When people talk about spinal injuries, most think of complete spinal cord injuries. There is a wide range of potential injuries and symptoms that can result from an accident or even a botched surgery. Incomplete spinal cord injuries involve damage that has not completely severed the spinal cord.
Because the spinal cord was not completely broken or severed, there is potential for mobility below the injury site. Some people respond to surgeries and physical therapy. Others may struggle with partial paralysis, pain or other issues as the result of the injury. Each case is unique, and it can be difficult for those with partial spinal injuries to adequately explain how the injuries impact their daily lives.
Common symptoms of spinal injuries
Whether your spinal injury is complete or incomplete, there is a range of symptoms you could experience. Some of the most common ones include:
- decreased mobility below the injury site
- loss of physical sensation, including pain, touch, heat or cold
- issues with bowel or bladder control
- increased reflexes or muscular spasms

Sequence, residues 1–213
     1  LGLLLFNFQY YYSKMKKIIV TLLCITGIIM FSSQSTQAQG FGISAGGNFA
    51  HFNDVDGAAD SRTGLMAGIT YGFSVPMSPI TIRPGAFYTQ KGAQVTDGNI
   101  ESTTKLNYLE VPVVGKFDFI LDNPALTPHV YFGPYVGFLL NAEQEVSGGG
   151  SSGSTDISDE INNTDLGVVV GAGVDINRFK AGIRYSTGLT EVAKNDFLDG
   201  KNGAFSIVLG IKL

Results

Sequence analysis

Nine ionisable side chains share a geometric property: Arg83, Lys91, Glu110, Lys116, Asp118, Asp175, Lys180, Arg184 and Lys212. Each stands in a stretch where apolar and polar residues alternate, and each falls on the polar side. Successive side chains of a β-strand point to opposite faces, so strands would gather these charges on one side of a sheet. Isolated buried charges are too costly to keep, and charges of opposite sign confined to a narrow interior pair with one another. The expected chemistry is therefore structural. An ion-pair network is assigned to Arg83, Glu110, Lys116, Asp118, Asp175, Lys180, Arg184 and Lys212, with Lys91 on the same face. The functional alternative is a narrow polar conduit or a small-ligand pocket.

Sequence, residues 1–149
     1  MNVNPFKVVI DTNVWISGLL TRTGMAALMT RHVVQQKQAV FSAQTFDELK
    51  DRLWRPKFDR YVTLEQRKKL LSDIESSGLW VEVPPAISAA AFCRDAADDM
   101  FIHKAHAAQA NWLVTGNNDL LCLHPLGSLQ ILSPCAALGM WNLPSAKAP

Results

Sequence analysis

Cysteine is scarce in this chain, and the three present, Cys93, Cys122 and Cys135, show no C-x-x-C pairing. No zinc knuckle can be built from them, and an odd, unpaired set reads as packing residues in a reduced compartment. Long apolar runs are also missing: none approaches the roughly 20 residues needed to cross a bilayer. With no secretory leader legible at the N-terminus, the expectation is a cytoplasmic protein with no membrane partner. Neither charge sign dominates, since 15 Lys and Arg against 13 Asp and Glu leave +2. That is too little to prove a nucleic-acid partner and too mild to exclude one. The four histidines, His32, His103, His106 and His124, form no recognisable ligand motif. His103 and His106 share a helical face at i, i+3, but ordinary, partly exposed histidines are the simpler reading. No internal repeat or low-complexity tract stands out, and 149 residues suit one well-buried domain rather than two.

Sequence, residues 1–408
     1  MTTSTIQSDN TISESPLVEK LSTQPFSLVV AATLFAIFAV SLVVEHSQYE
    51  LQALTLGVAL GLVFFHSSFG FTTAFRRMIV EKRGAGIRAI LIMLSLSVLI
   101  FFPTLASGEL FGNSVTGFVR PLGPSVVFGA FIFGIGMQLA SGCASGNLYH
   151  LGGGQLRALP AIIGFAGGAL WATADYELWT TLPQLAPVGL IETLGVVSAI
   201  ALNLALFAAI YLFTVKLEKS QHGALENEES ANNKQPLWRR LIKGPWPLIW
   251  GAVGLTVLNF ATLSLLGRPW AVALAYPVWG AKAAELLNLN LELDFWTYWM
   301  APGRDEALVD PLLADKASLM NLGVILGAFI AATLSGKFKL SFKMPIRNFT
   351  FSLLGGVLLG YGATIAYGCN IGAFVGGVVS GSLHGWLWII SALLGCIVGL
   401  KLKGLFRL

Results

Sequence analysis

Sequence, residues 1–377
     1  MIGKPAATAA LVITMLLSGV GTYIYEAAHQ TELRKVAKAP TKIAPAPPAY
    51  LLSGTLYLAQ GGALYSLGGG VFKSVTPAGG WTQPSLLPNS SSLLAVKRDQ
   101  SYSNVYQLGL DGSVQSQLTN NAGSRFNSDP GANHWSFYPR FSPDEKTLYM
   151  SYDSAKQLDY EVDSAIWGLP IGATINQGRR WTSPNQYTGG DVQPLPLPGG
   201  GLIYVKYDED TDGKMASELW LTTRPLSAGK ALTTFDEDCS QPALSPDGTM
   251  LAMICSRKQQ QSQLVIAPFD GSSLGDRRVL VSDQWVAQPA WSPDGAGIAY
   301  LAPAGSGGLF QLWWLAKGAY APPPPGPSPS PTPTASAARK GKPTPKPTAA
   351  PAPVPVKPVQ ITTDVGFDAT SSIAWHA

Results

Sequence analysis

- changes in fertility and sexual function
- pain, often described as intense stinging, as a result of nerve damage
- problems with coughing or breathing
- weakness or numbness in affected extremities and limbs
- difficulty with walking
- inability to walk or retain balance
Some of these symptoms could decrease in time in the case of partial spinal injuries. A number of options, from surgery to electrical implants could help improve function and reduce pain. For some people with incomplete spinal injuries, however, recovery is slow or even impossible.
Spinal injuries can keep you from working
If you worked in a physical industry, such as construction or even driving professionally, you may not be able to return to work after an injury. In some cases, if symptoms improve with time or treatment, you may be able to resume your career. For others, however, work may prove impossible or far too painful.
Those with the most severe injuries, even incomplete injuries, may require daily assistance for mobility and self-care. Sometimes, that care comes from a family member, such as a child, parent, sibling or spouse. Other times, professional nursing care could be required.
Spinal injuries can be very expensive
The cost of ongoing care, as well as trauma care, physical therapy and surgery can quickly become astronomical. Combine that with a loss of your primary income, and it can be a terrible situation. For many people, Social Security Disability Income may be the only way to remain self-sufficient after a spinal injury.
Applying for Social Security Disability Income is complicated and difficult, especially if you have a condition with variable symptoms, like a partial spinal injury. Don’t let that deter you from applying, but be careful to document your injury, symptoms and needs to help improve the chances of your claim getting approved.